I really liked the characters, and the sense of place was good. The plot was a bit slow in places, and I felt a bit disappointed with the ending; I think I would have liked more resistance to the unpleasant behaviour of some of the characters from the protagonist and those around her. It could have been more dramatic, but definitely a great effort from somebody who came to writing late in life.
readingwithtea on LibraryThing More than 1 year ago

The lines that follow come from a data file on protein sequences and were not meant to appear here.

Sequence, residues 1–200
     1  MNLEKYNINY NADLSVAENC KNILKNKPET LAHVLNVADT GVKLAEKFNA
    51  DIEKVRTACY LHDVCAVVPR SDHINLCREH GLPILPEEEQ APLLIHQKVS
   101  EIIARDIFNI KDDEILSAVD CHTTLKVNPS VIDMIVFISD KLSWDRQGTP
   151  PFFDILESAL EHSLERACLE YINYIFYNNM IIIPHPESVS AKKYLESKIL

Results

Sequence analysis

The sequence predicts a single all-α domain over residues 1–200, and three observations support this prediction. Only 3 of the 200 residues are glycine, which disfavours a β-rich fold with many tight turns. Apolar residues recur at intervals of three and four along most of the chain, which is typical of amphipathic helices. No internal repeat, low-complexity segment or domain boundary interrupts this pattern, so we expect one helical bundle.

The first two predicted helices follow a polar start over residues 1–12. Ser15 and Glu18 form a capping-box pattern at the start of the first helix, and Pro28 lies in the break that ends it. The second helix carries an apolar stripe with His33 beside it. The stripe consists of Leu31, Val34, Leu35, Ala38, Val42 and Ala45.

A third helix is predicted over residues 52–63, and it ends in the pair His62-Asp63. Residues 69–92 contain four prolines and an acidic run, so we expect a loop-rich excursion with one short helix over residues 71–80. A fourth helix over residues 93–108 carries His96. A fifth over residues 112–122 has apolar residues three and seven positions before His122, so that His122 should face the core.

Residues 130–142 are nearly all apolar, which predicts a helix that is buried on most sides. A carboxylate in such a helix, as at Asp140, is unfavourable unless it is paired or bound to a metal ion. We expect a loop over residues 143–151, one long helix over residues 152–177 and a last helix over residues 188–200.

Summary: Florence Green, whom life seems to have passed by, dares to open a bookshop in The Old House in a seaside village in East Anglia. She takes on the polite but ruthless local opposition, the disintegrating old house and the supernatural in her endeavour. However, 1959 is not a kind year to widows opening small businesses.First off, the writing is beautiful. Fitzgerald cultivates a small but clever cast of personalities, with a gentle gradation of character development. To quote the TLS from the back cover: "Fitzgerald's resources of odd people are impressively rich". At 153 pages, this is definitely one of the shortest books I have read since I graduated from the Famous Five and Secret Seven. However, I'm not sure that added length would add anything to the novel, as we focus only on Florence's time in the village. In a larger work covering all of Florence's life, her time in the village would probably occupy this many pages, so in a sense it's not small at all, just precisely focussed.There's not much of a plot but that is a pleasant change for me, given that I usually read very plot-driven novels (e.g. Clive Cussler). We pass ten years in Florence's company (almost exclusively), in a succession of episodes and moments which introduce us to some strange people with peculiar motivations. Some of them threaten to descend to farce (particularly the old man who keels over dead in the market square), but poor Florence remains fixed solidly in realism throughout.One character who is exquisitely captured is young Christine. The ten-year-old bookshop assistant is proud and proper but smacks a customer over the hand with a ruler. She confides in Florence and listens to her, but runs off in a huff when her schooling takes an unfortunate twist. Like Marcus in About A Boy and Alan Bradley's spectacular efforts with Flavia, Christine is a beautiful child who springs off the page into the reader's heart.The villagers are an odd mob and are strangely set against Florence - whether this is due to the interference of the village's most prominent member of society is not quite clear, which adds to the charm; the reader cannot be sure of the minor characters' motivations. I'm still confused by Milo North. The poltergeist embodies the village spirit, in that he is loudest and most disruptive when Florence is successful. I was apprehensive about the introduction of the poltergeist, but it was neatly done. Fitzgerald has a gentle touch with irony, and it lightens the sombre mood regularly.I had some questions which were not answered (the circumstances of her being widowed, what her connection to the village is or why she moved there), and they are not answered precisely because the focus is only on her time in the village. However, the answers aren't important.Favourite quotes: "She had a kind heart, though that is not of much use when it comes to the matter of self-preservation." "She had been trusted, and that was not an everyday experience in Hardborough" "Her disappointment, however, endeared her to the shopkeepers of Hardborough. They had all known better, and could have told her so." "Gentleness is not kindness. His fluid personality tested and stole into the weak places of other until it found it could settle down to its own advantage" "Lord Gosfield was touched, though he had said nothing all evening, and had in fact driven the hundred odd miles expressly to say nothing in the company of his old friend Bruno"I would definitely be interested in reading more FitzGerald after this, and I hope someone decides to make a film out of this - I can just see Jennifer Ehle, Helen Blaxendale or even Helena Bonham-Carter bustling about a little bookshop with the grey East Anglian sea in the background...Reviews from other bloggers: dovegreyreader, Savidge Reads, Novel Insights, Sasha and the Silverfish, The Mookse and the Gripes